From Russia to Nato: the logic behind Poland’s military modernisation

Grant Turnbull 8 July 2019 (Last Updated June 22nd, 2020 12:22)

Poland is one of the few countries in the 29-strong NATO alliance that spends over 2% of GDP on defence. With a belligerent Russia on its eastern flank, Poland is continuing to modernise its armed forces. Grant Turnbull finds out what the country wants, and whether it can afford it.

From Russia to Nato: the logic behind Poland’s military modernisation
In February, Poland defence minister announced a new Technical Modernisation Plan valued at €43.2 billion, although analysts are dubious of this figure. Credit: Polish MoD.

Poland is in a precarious position, sandwiched between East and West and historically where great powers have fought for control over the European continent. Today, as we enter another period of great power competition, Poland once again faces the prospect of being the battleground of a potential Nato-Russian conflict.

Indeed, one of Nato’s weakest strategic points is located in northern Poland: the Suwalki Gap, a 65 mile-wide strip that links Lithuania and the Baltics to the rest of Nato.

Military analysts see this gap – which has the highly militarised Russian enclave Kaliningrad to the west and Belarus to the east – as analogous to the Cold War-era Fulda Gap in Germany, where Nato once prepared its forces for surprise Soviet tank attacks coming from Eastern Europe.

In this new geopolitical context, Poland isn’t taking any chances and is prioritising the modernisation of its defence forces to ensure it can defend itself against a potential Russian invasion, as well as contribute to wider Nato missions both in and outside of the European theatre.

In February Poland’s Minister of National Defense, Mariusz Błaszczak, announced a new Technical Modernisation Plan (TMP) for the armed forces, covering the years 2017-2026.

This roadmap is valued at zl185bn (€43.2bn), which Błaszczak noted was zl45bn more than the previous TMP covering 2013-2022. Equipment in the plan includes new fighter aircraft, air defence systems, cyber defences, drones and submarines. Much of this equipment will be prioritised for Poland’s new 18th Mechanised Division, which will consist of three brigades and be based in the east to shore up the vulnerable eastern flank.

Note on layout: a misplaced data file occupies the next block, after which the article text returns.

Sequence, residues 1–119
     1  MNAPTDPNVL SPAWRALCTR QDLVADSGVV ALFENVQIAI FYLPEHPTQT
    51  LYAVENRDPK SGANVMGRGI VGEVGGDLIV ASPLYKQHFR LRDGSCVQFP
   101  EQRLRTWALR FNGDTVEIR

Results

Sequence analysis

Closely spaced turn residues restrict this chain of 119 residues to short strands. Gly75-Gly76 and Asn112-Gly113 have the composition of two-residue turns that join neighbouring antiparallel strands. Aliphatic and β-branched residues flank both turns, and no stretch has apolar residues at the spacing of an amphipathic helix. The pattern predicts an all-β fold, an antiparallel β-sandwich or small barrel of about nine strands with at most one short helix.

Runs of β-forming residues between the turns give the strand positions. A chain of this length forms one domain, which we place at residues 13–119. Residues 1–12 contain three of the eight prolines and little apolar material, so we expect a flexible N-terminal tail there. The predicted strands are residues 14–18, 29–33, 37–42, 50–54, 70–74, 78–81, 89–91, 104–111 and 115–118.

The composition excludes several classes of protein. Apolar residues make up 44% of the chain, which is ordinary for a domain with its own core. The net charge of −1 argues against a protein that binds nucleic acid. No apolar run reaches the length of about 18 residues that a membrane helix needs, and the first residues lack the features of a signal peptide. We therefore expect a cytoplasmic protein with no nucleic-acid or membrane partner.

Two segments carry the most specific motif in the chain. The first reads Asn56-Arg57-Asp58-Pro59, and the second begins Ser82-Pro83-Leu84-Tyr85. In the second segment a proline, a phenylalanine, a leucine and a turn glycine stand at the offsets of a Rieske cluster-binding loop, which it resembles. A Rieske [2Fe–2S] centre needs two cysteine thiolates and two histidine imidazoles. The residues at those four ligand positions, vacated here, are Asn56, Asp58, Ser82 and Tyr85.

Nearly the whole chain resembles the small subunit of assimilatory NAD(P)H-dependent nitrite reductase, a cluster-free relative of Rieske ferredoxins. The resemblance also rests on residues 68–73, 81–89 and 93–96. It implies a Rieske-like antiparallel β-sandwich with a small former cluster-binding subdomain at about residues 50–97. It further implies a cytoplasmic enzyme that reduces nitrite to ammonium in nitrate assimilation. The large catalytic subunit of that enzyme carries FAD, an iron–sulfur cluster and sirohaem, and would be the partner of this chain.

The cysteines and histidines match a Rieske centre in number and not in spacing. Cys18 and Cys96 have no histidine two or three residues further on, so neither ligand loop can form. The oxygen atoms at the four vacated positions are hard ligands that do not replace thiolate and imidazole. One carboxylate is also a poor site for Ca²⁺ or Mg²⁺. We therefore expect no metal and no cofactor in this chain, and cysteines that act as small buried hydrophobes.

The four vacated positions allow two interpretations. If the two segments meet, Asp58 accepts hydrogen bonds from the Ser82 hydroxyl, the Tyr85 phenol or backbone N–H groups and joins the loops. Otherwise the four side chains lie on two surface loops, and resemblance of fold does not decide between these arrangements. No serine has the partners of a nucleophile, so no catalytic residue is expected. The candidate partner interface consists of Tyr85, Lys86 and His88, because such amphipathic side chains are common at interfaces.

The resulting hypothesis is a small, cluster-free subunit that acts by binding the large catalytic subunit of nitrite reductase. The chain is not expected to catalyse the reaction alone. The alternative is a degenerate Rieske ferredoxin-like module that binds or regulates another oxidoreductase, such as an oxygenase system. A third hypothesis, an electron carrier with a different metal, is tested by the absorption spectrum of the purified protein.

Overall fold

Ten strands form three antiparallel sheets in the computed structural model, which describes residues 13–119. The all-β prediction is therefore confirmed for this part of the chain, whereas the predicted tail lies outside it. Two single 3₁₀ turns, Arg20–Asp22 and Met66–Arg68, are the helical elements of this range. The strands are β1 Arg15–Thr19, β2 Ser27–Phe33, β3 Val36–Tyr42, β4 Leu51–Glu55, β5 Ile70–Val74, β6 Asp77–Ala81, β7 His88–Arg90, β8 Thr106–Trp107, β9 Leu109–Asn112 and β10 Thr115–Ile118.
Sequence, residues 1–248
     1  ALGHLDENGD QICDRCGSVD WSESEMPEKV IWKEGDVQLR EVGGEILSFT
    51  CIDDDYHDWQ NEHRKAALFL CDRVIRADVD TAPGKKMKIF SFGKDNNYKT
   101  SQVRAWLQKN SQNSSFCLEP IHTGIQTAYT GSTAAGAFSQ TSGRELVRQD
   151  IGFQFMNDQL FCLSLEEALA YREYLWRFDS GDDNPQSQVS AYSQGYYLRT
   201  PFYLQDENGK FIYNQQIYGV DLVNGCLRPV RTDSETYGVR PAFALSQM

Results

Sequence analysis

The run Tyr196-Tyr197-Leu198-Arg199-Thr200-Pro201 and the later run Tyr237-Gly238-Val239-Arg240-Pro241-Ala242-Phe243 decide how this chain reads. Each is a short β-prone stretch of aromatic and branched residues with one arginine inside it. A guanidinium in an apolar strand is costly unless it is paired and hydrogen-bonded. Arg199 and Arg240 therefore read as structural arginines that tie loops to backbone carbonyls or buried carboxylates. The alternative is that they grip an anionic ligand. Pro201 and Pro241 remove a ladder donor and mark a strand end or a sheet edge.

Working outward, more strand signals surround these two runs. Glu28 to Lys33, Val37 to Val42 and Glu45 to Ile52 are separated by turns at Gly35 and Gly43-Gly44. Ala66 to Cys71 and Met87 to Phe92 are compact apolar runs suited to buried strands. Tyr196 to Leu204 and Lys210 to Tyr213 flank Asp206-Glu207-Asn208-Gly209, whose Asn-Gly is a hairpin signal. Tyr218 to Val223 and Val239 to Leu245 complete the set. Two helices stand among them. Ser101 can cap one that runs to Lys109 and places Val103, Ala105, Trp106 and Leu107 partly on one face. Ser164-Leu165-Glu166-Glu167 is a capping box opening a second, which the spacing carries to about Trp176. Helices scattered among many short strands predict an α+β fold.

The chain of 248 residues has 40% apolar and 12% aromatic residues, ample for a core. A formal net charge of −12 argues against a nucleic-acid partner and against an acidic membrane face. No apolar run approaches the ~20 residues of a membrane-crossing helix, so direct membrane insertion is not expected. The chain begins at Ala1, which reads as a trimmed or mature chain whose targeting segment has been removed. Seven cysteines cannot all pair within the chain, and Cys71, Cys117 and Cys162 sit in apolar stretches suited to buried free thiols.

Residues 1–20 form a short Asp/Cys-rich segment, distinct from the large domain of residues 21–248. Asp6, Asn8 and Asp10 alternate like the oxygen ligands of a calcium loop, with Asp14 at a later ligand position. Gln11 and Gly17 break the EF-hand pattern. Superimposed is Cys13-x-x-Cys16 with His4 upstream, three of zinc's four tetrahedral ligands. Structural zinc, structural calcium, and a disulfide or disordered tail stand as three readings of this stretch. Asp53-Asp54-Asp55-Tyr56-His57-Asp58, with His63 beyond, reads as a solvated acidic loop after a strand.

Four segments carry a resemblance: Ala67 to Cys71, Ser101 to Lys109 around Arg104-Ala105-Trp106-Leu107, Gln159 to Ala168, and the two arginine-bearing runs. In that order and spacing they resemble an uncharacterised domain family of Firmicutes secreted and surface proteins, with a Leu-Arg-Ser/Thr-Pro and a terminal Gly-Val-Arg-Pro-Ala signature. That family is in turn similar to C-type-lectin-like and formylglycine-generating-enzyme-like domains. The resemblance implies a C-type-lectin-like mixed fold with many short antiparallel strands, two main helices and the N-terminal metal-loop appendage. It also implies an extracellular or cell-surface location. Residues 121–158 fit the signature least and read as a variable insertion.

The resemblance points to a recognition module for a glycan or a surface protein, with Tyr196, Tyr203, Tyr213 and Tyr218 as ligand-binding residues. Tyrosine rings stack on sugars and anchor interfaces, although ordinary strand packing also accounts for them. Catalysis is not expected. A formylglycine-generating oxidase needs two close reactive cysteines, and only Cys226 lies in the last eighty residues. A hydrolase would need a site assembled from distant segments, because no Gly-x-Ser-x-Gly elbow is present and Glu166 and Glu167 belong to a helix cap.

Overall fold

“This is a record plan when it comes to value,” said Błaszczak. “This is obviously a big challenge, but also a chance to develop the defense capabilities of the Polish Army.”

Poland’s defence budget: not all that it seems

Analysts have, however, noted that the headline zl185bn figure is actually less, owing to the fact that the TMP covers 2017 and 2018, which have already passed.

“There are some discrepancies in this number,” says Dominik Kimla, a Warsaw-based analyst with consultancy Avascent. He noted that if you remove the expenditure from 2017/18 as well as take into account several large contracts that have been placed recently for military equipment, the actual pot of money allocated for defence modernisation up to 2026 is closer to zl128bn. However, according to Avascent Analytics’ analysis, Poland might only be able to allocate about zl83bn to new military hardware by 2026.

“Poland has ambitions to spend 2.4% of GDP on defence by 2026, a number set to increase to 2.5% by 2030.”

The Polish MoD has also stated that 39% of MoD funds will be dedicated to procurement by 2026.

“The forecast that was disclosed by the MoD was based on very optimistic assumptions,” explains Kimla, “both in terms of Polish GDP growth and also in terms of allocation of procurement spending in relation to the whole MoD budget.”

Poland has ambitions to spend 2.4% of GDP on defence by 2026, a number set to increase to 2.5% by 2030. According to the most recent Nato figures, Poland currently spends 2.05% of GDP on defence.

Again, Kimla doubts that this can be achieved, especially as the Polish Government looks to increase spending on non-defence initiatives. “If you take into perspective [that] GDP growth over the next few years will be slower than the last one or two years, we believe that Poland will spend only 2.2% of GDP by 2026,” he explains.”